Social and economic progress

The Sustainable Development Goal 16.9 aims to provide legal identity for all, including birth registration by 2030. National identification systems are being implemented throughout the Asia-Pacific region, and are increasingly linked to delivering public services and ensuring financial inclusion.

Services linked to national identity programmes[8]


Financial Services

Social Transfers



Surveillance and Security

Bangladesh National ID

Know Your Customer (KYC)



SIM Registration

Cambodia National ID


Voter Registration

China National ID



Law Enforcement

India Aadhaar

KYC, Digital Banking, Mobile Money

Cash Transfer, Welfare

Tracking Services and Treatment, Verification of Eligibility


Law Enforcement

Pakistan NADRA

Digital Banking

Cash Transfer, Relief

Tracking Services and Treatment

KYC, Monitoring, Voter Registration

Passport, SIM Registration

Sri Lanka National ID



Thailand National ID


Relief, Welfare

Tracking Services and Treatment, Verification of Eligibility

Many of these national identification systems are being updated to incorporate electronic and biometric elements as means of authentication for access to financial and social services (e.g., to fulfil requirements for opening bank accounts, and to benefit from government assistance programmes such as cash transfers, relief and welfare).

India’s Aadhaar is the world’s largest biometrics identity programme. The key privacy concerns related to this programme (and other national identity programmes that use biometrics) include the following:[9]

  • Registration is being outsourced to a massive group of private and public registrars and operators, increasing the chance of data breaches.
  • Once a person’s biometrics have been compromised, they cannot be reissued like passwords or signatures.
  • There are no privacy and data protection laws in place, and no independent privacy regulator.
  • Although the programme is voluntary, the need for an Aadhaar number for key services like attending school, getting married, buying cooking gas means that those without a number are excluded from these services.
  • Individuals categorized as poor, transgender and disabled in the system risk being discriminated against.

Databases previously in silos are now being interlinked. This means if there is a breach, more data is at risk and it makes datasets a more attractive target. At the same time, it can also enable pervasive surveillance systems, which could lead to categorization of individuals, discrimination, exclusion, unjust treatment and unequal opportunities.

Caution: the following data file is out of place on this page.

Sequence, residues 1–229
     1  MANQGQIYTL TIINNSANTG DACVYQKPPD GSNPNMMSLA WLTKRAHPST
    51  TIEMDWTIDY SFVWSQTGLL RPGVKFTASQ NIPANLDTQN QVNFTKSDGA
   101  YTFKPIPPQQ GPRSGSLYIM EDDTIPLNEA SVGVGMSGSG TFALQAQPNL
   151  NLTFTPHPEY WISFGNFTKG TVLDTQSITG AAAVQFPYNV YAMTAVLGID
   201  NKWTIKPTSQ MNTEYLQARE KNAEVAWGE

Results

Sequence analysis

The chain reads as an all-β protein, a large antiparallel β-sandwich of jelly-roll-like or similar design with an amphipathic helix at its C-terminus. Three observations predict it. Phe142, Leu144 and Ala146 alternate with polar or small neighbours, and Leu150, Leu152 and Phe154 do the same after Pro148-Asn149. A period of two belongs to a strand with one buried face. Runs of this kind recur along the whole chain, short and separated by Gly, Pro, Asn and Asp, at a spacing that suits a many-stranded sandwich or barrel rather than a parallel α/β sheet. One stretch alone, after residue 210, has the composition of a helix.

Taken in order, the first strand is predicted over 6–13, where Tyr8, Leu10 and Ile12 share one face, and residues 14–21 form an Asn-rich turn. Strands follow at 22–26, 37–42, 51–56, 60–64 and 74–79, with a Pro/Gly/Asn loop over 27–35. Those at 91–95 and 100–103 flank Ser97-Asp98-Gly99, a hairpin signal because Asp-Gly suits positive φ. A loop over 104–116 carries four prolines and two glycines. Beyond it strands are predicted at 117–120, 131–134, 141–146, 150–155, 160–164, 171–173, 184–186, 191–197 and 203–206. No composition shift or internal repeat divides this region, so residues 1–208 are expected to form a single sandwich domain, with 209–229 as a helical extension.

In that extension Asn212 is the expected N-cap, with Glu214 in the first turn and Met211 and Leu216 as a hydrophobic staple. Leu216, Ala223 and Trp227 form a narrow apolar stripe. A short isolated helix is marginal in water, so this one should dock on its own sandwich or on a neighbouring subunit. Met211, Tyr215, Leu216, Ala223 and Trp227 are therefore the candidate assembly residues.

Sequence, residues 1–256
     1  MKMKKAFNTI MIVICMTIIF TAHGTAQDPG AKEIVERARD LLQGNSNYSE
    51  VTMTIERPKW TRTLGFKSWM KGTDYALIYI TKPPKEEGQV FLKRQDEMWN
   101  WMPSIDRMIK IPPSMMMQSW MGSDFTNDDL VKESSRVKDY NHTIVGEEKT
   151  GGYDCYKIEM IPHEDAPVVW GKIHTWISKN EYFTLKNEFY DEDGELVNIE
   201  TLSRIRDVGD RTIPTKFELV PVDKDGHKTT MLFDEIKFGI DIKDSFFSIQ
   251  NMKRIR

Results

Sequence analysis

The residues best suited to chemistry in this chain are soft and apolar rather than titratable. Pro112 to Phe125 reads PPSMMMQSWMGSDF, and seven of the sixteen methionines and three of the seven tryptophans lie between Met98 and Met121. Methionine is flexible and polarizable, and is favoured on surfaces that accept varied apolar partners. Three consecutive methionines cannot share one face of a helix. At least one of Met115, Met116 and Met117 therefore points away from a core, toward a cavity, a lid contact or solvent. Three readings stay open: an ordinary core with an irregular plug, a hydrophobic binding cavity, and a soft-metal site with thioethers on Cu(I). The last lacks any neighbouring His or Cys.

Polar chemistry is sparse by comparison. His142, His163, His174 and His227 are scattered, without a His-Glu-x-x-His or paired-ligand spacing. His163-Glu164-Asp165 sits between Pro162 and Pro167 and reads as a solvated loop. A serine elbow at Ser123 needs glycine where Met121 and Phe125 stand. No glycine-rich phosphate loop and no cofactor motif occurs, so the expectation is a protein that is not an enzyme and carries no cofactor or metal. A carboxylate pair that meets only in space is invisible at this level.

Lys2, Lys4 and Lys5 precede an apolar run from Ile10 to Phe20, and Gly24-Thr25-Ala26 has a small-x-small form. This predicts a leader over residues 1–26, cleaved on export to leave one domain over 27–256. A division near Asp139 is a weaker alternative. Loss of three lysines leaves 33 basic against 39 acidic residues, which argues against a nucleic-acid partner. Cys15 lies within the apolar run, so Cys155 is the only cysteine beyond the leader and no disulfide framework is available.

Online privacy concern does not match ability to protect oneself online.

In a survey commissioned by Privacy International, respondents from Hong Kong, Malaysia and the Philippines were interviewed. Results showed that:[10]

Today, large databases of data about us exist in the form of open data and big data. Increasingly, we are not being informed about the monitoring we are placed under, and are not equipped with the capabilities or given the opportunity to question these activities.

Open Data

As part of the open government movement, governments are opening up their previously locked datasets on population, public budgets, education, health, housing, trade, etc. Open data is linked with stimulating research and development, and driving innovation through the use and re-use of data to address development problems. These datasets, however, may include individual records that threaten individual privacy if released openly.

One of the most significant risks is the re-identification of de-identified data. For example, Australia’s Department of Health released over a billion lines of de-identified personal health data in 2016 but withdrew it shortly afterwards because Melbourne University researchers re- identified it[11]. In response, the Australian Privacy Act has been amended to make it a criminal offence to re-identify individuals from anonymized government datasets,[12] but in other countries of Asia-Pacific, re-identification is not a criminal offence.